Desert View Grand Canyon

Grand Canyon Experts | Conversation with P.J. O’Malley, Program Manager at the Grand Canyon

Q: How long have you been program manager at the Grand Canyon?
A: I’ve been program manager for 2 years, although I’ve been with the program for a total of 4.5 years.

Q: Do you lead any tours or excursions yourself?

A: I do just about all the tours. Everything from public day tours, private day/multi-day tours, half-day tours and multi-day hikes. I cover just about everything.

Q: What would you consider to be the most popular tour or attraction at the Grand Canyon?

A:  I’d say the Sunset on the Grand tour, which is like a big bucket list for most people. We

Desert View Grand Canyon

Photo by PJ O'Malley

usually run two per day. It is a three-hour tour along the south rim and we go to many scenic vistas where we discuss the canyon’s geology, human history and ecology. At the end, we set up at a great spot to view the sunset. This is one of the more reasonably-priced tours, so I think that’s one reason why it is so popular.
I feel the best way to experience the canyon is to hike and we host a five-hour hike where we mostly discuss geology and Native American uses for the plants. For those that are able to hike, you can get the most picturesque views.

Q: What attractions do you recommend for children?

A: The National Park Service offers a Junior Ranger program, where a child can pick up a workbook at different locations around the canyon and they can then fulfill different assignments from the workbook. After they complete the workbook they turn them into the rangers, take an oath of allegiance and receive a Junior Ranger Badge.
Hiking the canyon is good for kids, depending on the child of course. Kids around 6-7 usually fit this bill. Also museums, such as Yavapai Point Museum, and Tusayan Ruins museum are great for kids. Both museums have great visual displays and the children learn something as well.

Q: What excursions do you recommend for the avid hiker or camper?A:  I recommend the Phantom Ranch trip, which is a great way to enjoy the back country without having to carry a lot of weight. Phantom Ranch has beds and meals are also provided – all that you have to carry is snacks and water. This is a very popular tour and reservations must be made at least 13 months in advance.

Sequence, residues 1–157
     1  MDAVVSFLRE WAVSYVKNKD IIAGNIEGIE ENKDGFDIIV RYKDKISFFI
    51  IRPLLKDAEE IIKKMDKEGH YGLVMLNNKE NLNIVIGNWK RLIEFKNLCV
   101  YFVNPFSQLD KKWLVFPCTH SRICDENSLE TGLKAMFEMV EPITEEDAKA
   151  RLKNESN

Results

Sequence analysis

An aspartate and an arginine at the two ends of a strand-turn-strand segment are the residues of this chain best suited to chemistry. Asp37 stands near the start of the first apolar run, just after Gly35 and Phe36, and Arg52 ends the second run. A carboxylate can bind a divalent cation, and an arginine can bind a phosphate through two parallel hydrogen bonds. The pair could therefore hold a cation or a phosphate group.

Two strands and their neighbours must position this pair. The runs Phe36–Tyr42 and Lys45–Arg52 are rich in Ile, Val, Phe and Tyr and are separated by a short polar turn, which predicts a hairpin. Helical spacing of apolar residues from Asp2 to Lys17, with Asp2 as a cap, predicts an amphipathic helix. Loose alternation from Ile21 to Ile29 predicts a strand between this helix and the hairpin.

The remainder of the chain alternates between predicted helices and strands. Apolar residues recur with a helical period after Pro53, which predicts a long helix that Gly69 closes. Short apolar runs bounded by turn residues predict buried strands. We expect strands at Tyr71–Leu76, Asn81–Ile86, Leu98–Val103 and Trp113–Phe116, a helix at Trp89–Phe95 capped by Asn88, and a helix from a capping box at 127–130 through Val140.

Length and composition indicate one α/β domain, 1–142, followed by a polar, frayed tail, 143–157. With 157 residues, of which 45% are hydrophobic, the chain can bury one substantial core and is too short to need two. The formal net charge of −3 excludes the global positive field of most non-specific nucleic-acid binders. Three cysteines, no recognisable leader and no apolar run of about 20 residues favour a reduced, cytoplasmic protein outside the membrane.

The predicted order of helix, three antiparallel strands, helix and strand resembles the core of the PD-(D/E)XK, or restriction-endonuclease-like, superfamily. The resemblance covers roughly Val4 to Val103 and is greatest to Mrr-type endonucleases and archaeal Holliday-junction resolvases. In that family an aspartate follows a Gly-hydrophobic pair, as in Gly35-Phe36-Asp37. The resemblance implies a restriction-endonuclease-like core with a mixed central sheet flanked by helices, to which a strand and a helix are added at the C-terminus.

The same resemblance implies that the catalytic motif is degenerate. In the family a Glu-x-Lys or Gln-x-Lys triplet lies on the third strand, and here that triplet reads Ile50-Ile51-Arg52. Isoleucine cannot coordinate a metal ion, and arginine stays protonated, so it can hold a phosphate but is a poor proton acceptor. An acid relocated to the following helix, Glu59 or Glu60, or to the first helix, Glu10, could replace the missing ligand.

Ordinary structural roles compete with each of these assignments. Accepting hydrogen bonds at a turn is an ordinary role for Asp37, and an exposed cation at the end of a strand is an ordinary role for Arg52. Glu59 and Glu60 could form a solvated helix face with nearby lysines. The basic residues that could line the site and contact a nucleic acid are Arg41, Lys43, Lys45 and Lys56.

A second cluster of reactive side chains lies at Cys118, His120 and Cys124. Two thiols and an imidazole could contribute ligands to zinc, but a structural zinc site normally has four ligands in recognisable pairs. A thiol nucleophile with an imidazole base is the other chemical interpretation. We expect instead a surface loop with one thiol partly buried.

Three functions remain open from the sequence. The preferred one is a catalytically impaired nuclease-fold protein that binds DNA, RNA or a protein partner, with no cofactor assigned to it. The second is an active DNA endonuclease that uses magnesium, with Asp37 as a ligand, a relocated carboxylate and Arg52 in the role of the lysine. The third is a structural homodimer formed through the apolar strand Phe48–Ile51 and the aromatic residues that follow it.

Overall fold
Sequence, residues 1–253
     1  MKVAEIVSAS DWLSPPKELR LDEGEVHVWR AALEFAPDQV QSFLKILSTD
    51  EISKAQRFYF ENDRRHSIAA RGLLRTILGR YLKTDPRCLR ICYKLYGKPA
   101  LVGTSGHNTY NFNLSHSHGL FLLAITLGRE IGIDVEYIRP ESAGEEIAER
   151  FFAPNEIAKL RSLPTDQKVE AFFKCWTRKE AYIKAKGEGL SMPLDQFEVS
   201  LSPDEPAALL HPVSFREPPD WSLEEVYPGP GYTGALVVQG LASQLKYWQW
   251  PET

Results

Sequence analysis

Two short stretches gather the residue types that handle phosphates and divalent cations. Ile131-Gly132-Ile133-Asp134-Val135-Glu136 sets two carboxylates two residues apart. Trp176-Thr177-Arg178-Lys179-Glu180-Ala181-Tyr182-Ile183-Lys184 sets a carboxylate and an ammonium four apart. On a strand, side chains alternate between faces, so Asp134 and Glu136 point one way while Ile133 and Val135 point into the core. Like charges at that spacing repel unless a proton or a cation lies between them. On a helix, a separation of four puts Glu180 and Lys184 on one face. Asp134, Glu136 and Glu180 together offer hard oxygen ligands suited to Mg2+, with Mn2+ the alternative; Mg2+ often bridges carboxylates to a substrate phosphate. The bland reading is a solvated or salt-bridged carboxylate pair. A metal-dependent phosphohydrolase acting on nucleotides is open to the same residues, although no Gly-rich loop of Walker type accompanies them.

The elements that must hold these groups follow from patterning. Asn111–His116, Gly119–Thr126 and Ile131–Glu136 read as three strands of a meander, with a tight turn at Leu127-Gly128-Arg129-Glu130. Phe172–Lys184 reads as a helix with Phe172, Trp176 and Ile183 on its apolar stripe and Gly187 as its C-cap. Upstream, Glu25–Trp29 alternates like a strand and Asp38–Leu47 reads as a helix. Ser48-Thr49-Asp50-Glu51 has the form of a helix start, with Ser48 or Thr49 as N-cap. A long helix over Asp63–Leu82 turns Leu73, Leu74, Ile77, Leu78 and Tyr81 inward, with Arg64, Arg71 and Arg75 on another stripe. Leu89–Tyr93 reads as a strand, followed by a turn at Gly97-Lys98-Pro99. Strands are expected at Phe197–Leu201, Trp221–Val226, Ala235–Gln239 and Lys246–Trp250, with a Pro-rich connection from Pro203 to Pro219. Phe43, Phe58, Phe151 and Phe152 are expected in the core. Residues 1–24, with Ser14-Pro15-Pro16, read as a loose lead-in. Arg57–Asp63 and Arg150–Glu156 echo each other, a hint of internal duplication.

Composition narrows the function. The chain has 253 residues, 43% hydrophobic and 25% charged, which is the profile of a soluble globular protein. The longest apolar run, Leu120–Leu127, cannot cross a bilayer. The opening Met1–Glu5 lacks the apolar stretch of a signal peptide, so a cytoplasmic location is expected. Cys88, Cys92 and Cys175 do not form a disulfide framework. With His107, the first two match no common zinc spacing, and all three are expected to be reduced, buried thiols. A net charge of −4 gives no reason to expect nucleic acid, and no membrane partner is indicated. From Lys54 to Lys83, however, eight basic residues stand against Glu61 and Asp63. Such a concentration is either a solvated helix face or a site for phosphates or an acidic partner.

We are also offering overnight trips to Havasupai, where we hike down 10 miles into the canyon and camp out for 2-3 nights using tents and sleeping bags. Food is provided. Day hikes are offered and participants have the opportunity to take a swim.

Q: What is your personal favorite Grand Canyon tour?

A: That is a very difficult question for me to answer, so I would say any backpacking tour into the canyon – anything that gets people out of the cities and into the back country.

Q: What is the longest excursion offered at the Grand Canyon?

A: Our trips are pretty open ended – private tours can last up to 14 days, but trips range from a half day to 14 days.

Q: What tours do you recommend for senior citizens?

A: Half-day tours are the best for seniors. The Sunset on the Grand tour and The Best of the Canyon Tour would fit this bill. Both have limited walking, but they also get to see all the fantastic views. It’s great for older folks with less energy and time. They get all the fantastic views and get to learn about the canyon at the same time.

Q: Do you notice a larger amount of international visitors to the Grand Canyon?

A: Yes, especially during the past three years.  The majority are Europeans from Germany, Netherlands, France, Spain and Italy.

Q: What types of wildlife are encountered on most excursions?

A:  The most common are birds such as the condor and raven. Animals such as Mule Deer,

Elk Grazing Grand Canyon

Photo by PJ O'Malley

Rocky Mountain Elk and Desert Big Horn Sheep are encountered. We also encounter reptiles such as rattlesnakes, Gila monsters, and scorpions. Although they are out there, we rarely see Cougars, mostly because they are night hunters and stay pretty well-hidden during the day. There are two signs within the park that signify Mountain Lion crossings.

Q: What plans do you have for the future for excursions and tours?

A: We are looking to expand trips to Phantom Ranch and Havasupai. In the past we have contracted some trips out to other companies, but now we will do everything in-house. We are also looking to expand out to the Flagstaff market, trying to get Flagstaff travelers down to the Grand Canyon. We’d also like to expand more back country tours in the future as well, which would allow us to develop more camping trip-type tours.